When I plucked the cookbook from a Little Free Library, I didn’t know that I would find a cake with a story as good as any in the discarded novels stacked there.
Flipping through the “Southern Heritage Cakes Cookbook” (Oxmoor House, 1983), I spotted a recipe for Minnehaha Cake.
Suspecting that there had to be a Minnesota angle baked into this cake, I followed my curiosity. My research led me to a recipe that went viral almost 150 years before such a term existed, a stunner of a scratch layer cake named for a literary character and favored by an early Minnesota-based female food entrepreneur.
Various versions of the wildly popular Minnehaha Cake recipe made the rounds in Minnesota publications perused by our great-great-grandparents. It shows up in numerous church cookbooks of the era held in the vast culinary collection at the Minnesota Historical Society. It was printed in the Aitkin Age newspaper in 1895 and in an 1898 promotional pamphlet given to the customers of a Minneapolis druggist.
The earliest Minnehaha Cake recipe sleuthed out by Minnesota food historian Rae Katherine Eighmey appeared in the Buckeye Centennial Cookbook, authored by Estelle Woods Wilcox and published in 1876.
An Ohio native, Wilcox had taken the lead in editing the charity cookbook in her home state. But when she married Alfred Gould Wilcox, a manager at the Minneapolis Daily Tribune, she moved to Minneapolis, bringing her culinary ambitions with her.
“Estelle was a very clever woman who bought the copyright back and had the second printing done by Tribune Printers in Minneapolis,” Eighmey said. “She went on to create a cookbook empire that operated nationally.”
From her new home in the Twin Cities, Wilcox and her husband formed Buckeye Publishing Co. She went on to edit and publish a successful women’s magazine that collected recipes from readers. She mixed and matched them with others lifted from the Buckeye Cookbook and compiled them into dozens of reworked cookbooks published under various names.
The stunning Minnehaha Cake almost always made the cut, whether in “The Dixie Cookbook,” pitched to Southern readers, or an edition printed in German for the sizable dessert-loving immigrant population settled in communities across the country.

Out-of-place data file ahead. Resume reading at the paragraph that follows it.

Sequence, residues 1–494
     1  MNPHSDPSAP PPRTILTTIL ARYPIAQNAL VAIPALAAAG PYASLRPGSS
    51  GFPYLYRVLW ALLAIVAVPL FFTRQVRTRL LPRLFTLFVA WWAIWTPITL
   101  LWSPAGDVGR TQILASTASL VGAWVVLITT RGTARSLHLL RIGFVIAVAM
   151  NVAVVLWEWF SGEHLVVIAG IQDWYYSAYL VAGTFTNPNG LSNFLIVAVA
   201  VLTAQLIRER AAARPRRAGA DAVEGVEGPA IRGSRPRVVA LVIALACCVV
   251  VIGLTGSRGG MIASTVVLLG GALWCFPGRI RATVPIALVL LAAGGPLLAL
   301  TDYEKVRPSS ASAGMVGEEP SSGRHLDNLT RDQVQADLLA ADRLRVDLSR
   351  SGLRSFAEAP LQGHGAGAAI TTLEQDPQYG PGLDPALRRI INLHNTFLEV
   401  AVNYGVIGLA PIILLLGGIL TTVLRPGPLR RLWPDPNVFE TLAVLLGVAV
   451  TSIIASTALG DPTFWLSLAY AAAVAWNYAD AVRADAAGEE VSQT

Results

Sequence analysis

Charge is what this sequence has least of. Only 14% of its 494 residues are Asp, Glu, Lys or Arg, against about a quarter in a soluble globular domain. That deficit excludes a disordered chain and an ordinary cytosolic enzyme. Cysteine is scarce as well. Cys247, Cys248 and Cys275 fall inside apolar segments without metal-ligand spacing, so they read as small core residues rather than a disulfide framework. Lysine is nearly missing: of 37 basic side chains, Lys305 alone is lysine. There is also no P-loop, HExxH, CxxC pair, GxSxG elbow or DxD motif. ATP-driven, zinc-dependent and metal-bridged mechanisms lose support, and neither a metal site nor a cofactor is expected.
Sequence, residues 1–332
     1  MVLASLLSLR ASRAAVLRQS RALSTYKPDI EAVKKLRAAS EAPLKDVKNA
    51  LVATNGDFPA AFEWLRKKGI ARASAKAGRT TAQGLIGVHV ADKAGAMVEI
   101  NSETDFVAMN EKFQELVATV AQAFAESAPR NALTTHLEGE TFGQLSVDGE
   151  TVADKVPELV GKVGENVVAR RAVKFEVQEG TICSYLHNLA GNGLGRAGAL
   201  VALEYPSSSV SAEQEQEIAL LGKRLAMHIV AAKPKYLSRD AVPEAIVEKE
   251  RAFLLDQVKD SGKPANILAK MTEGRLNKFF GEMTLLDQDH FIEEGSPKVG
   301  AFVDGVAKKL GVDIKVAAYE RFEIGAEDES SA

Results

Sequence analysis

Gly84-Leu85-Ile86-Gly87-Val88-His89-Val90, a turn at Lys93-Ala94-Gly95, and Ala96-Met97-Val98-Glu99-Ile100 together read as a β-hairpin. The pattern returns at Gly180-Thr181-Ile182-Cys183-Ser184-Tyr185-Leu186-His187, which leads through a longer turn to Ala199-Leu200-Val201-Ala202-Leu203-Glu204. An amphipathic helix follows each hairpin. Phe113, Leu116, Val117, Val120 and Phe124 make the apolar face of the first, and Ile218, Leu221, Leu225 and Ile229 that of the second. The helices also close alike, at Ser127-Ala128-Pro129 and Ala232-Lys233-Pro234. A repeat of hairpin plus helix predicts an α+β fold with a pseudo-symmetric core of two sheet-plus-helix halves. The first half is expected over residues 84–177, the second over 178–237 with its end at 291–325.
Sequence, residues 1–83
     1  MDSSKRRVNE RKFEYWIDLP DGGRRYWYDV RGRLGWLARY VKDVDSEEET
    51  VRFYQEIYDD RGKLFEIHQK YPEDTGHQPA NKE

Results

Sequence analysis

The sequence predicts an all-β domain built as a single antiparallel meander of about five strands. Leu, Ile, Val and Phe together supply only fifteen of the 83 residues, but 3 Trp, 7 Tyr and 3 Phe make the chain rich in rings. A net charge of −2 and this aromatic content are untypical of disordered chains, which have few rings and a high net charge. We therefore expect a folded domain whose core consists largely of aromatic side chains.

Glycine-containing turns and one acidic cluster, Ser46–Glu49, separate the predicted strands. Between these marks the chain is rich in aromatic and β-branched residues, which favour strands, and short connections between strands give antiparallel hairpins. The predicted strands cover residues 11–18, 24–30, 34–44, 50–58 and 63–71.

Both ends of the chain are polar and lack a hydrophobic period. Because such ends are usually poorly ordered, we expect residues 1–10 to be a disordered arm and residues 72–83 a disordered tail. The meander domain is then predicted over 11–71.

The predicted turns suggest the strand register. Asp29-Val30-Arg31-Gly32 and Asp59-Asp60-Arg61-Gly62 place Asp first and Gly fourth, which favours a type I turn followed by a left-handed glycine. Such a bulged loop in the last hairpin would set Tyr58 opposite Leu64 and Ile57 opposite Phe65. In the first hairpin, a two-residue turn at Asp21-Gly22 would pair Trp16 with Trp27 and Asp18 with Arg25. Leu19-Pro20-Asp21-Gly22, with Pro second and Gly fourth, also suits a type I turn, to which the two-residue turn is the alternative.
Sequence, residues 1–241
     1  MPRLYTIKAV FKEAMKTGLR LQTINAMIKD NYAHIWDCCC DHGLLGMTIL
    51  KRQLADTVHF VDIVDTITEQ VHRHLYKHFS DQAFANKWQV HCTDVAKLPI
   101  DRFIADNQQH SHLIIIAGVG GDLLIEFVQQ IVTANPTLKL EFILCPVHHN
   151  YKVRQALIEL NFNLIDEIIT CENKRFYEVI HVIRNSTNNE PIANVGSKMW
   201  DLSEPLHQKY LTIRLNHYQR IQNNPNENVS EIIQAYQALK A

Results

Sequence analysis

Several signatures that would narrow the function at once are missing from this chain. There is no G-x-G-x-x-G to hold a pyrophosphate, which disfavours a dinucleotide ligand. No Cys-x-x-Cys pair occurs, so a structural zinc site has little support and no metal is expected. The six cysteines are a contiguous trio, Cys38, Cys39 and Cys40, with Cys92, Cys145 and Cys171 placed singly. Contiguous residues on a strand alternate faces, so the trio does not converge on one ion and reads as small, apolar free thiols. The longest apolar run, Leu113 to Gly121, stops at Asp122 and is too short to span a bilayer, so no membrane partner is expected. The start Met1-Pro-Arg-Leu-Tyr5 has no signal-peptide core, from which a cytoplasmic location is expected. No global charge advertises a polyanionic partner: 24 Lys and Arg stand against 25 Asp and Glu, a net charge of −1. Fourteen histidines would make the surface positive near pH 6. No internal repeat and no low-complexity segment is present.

In the late 19th century, when Wilcox was inspiring housewives and farmwives, cookbooks didn’t spell out directions in the way readers expect today. Various recipes for the Minnehaha Cake icing involved boiling sugar until it was “waxy” or until “it hairs,” but included nothing about the size and shape of the cake pans or even the temperature setting on the stove.
“There weren’t standardized measuring cups and spoons, but cooks of the day understood ratios. Some recipes from this era call for a coffee cup, which is like a 1 cup measure, or a teacup, which is ¾ cup,” explained Eighmey. “They baked by feel and sense, with casual expertise. They could tell how hot the oven was by how long they could hold their hand inside; 10 seconds meant a hot oven, 30 seconds was moderate.”
The cake became popular as home cooks grew more eager to show off new sophistication with fancier recipes. The recipe emerged in the era when the Transcontinental Railroad brought mail order catalogs that sold baking tins and gadgets; the newly patented rotary eggbeater efficiently whipped egg whites into peaks for airier cakes. Exotic ingredients, such as the nuts and raisins used as filling in the Minnehaha Cake, also became more widely available.
“The original recipe calls for ‘stoned’ raisins because at the time, raisins had seeds, or stones. Digging them out would break the skin and expose the pulp of the dried fruit and create a richness of flavor,” Eighmey said. “Your recipe that pulses raisins in a food processor achieves the same texture and taste.”
Named for a poem
I couldn’t find documentation for who originally tagged the cake with the name Minnehaha. The recipe showed up within a decade of the 1855 publication of Henry Wadsworth Longfellow’s poem “The Song of Hiawatha,” which introduced readers to the fictional Minnehaha, the bride of the epic’s titular protagonist.
Even today, these lines sound familiar: “On the shores of Gitche Gumee,/ Of the shining Big-Sea-Water,/ Stood the wigwam of Nokomis,/ daughter of the moon, Nokomis …”